Unity within the ANC and its alliance partners is crucial as the ruling party celebrates its 102nd anniversary, the South African Communist Party (SACP) said on Wednesday.
"Unity is fundamental for us, particularly for the achievement of the goals of the Freedom Charter," SACP spokeseperson Alex Mashilo said in a statement. "Divisions are a luxury we cannot afford. They do not belong to us and will not serve our people, but the enemy and his agents."
The ANC's election manifesto is expected to be unveiled on Friday in Nelspruit, Mpumalanga. It will be officially launched on Saturday at a rally at Mbombela Stadium, where President Jacob Zuma will deliver the keynote address.
The Mail & Guardian on December 20 reported that Cosatu's largest affiliate, the National Union of Metalworkers of South Africa (Numsa), announced its boycott of election campaigning on behalf of the ruling party.
The SACP said it reaffirmed it confidence in the ANC. "Regardless of all sorts of attacks that the ANC and our alliance have endured for a while now, and regardless of which angle these are launched, the ANC will be victorious in the forthcoming elections through our support and most importantly, through the support of the overwhelming majority of our people."
The Communication Workers Union (CWU), an affiliate of Cosatu, congratulated the ANC on its milestone. "We are proud of the role that current and past generations of trade union leaders have played and continue to play in building and shaping the ANC into a potent weapon in the hands of our people," it said.
The CWU said it was confident that the ANC, together with its alliance partners, would succeed in accelerating the creation of an equal society and address the social needs of South Africans.
The ANC in the North West said the province had already started implementing the resolutions made at the party's national conference in Mangaung in 2012, supported by provincial programmes and using the National Development Plan as a blueprint.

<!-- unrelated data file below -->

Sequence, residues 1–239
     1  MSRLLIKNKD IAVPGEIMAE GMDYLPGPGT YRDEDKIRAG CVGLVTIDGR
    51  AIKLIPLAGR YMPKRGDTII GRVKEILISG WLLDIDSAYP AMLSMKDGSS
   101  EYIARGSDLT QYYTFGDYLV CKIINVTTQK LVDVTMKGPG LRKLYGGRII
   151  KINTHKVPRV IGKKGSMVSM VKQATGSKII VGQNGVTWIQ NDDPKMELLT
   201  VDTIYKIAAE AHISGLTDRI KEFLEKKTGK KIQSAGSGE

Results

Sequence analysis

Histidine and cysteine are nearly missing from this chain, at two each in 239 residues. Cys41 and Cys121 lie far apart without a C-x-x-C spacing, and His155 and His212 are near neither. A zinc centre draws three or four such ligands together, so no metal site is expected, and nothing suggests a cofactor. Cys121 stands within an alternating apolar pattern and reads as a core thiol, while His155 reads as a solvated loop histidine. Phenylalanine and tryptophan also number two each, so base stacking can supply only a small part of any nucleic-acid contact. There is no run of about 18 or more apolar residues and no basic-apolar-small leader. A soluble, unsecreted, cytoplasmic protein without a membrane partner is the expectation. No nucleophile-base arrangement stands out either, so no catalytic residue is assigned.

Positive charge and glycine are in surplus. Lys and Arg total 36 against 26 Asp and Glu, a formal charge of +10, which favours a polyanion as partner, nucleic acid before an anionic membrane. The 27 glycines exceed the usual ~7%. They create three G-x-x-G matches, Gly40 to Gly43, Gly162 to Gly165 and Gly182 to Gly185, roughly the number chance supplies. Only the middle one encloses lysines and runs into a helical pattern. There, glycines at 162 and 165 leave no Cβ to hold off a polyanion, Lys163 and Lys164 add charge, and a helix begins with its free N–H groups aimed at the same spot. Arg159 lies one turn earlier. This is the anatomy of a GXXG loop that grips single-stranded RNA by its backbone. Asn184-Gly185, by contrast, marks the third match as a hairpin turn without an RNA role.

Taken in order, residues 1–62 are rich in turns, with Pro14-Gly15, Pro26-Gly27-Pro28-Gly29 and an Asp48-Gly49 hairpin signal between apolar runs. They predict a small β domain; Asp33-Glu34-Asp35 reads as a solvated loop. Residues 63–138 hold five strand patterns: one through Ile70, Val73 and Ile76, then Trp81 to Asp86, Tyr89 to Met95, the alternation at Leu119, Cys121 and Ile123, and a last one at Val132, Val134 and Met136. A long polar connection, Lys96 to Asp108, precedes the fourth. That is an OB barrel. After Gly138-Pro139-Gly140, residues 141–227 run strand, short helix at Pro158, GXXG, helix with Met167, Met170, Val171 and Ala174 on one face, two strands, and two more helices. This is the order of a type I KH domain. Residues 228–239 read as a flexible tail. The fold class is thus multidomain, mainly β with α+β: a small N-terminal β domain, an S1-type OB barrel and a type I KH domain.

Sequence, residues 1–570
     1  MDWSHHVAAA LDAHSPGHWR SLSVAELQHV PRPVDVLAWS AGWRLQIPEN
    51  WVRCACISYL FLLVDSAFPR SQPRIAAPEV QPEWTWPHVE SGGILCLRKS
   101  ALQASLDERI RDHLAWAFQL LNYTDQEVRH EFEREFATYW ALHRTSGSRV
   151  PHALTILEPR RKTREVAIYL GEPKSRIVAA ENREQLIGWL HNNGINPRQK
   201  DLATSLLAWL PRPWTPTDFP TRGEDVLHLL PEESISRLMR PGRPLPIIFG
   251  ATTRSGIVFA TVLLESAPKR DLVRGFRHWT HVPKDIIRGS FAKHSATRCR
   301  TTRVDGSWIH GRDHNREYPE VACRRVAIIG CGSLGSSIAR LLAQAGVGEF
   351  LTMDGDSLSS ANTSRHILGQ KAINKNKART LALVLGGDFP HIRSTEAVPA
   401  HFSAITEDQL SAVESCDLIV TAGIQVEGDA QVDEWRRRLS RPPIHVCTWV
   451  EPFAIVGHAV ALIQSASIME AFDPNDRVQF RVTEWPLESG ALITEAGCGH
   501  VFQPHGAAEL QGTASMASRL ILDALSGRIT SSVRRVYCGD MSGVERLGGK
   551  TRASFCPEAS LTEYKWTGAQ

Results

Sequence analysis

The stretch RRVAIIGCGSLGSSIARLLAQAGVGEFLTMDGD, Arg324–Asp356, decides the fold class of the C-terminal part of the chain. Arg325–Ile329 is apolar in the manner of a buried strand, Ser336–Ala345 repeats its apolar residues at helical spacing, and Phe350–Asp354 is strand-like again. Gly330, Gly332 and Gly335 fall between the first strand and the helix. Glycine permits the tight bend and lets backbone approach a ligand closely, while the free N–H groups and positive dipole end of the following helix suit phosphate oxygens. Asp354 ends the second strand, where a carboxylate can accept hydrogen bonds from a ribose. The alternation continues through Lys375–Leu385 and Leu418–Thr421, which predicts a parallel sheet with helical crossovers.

"As we celebrate our anniversary, we call on our members and supporters to ensure an overwhelming victory for the ANC in the national and provincial elections that would take place this year," said provincial secretary Dakota Legoete. "An ANC victory will ensure that we continue with the work that was started in 1912 by our founding fathers," he said.
Meanwhile, ANC secretary general Gwede Mantashe on Tuesday shrugged off Numsa's recent boycott announcement.
"When they said individual members can do what they want to do it means metal workers will campaign for the ANC," said Mantashe, speaking at a media photo opportunity following the ruling party's two-day national executive committee meeting in Nelspruit this week. "The only thing they will withhold is their money. I was trying to think back: how much has Numsa given us in the last election?" he asked to laughs. "But it's symbolic for them to have that pronouncement that they will not give money to the ANC."
Trade union federation Cosatu's largest affiliate, Numsa, will not campaign for the ANC this year or support the party financially, the union resolved at a special national congress towards the end of December, the Mail & Guardian reported. It also decided to withhold its R800 000 monthly subscription to Cosatu.
"Numsa as an organisation will neither endorse nor support the ANC or any other political party in 2014," general secretary Irvin Jim told journalists at the time. He said Numsa officials or workers could campaign for the ANC but would have to do this "in their own time and using their own resources".
But Mantashe has read the union's controversial decision optimistically. "For us, if they allow individual metal-workers to campaign for the ANC it is quite important because in any case, unions do not have a block vote – whether in the ANC or in the elections. Individual citizens who are organised with the trade unions do go and campaign and vote."
Numsa under Jim has rallied against both Cosatu and the ANC following the suspension of Zwelinzima Vavi. Jim has since lambasted the party, but chosen to stay in Cosatu without actively supporting the ANC. "It is clear that the working class cannot any longer see the ANC or the SACP as its class allies in any meaningful sense," Jim said at the union's conference in December.
Numsa also resolved to persuade Cosatu to break off its alliance with the ANC and the SACP, which it claims has been co-opted by right-wing forces. Instead, Numsa plans to establish a new "united front" that will co-ordinate struggles in the workplace and in communities in a similar way to the United Democratic Front in the 1980s. – Sapa, Verashni Pillay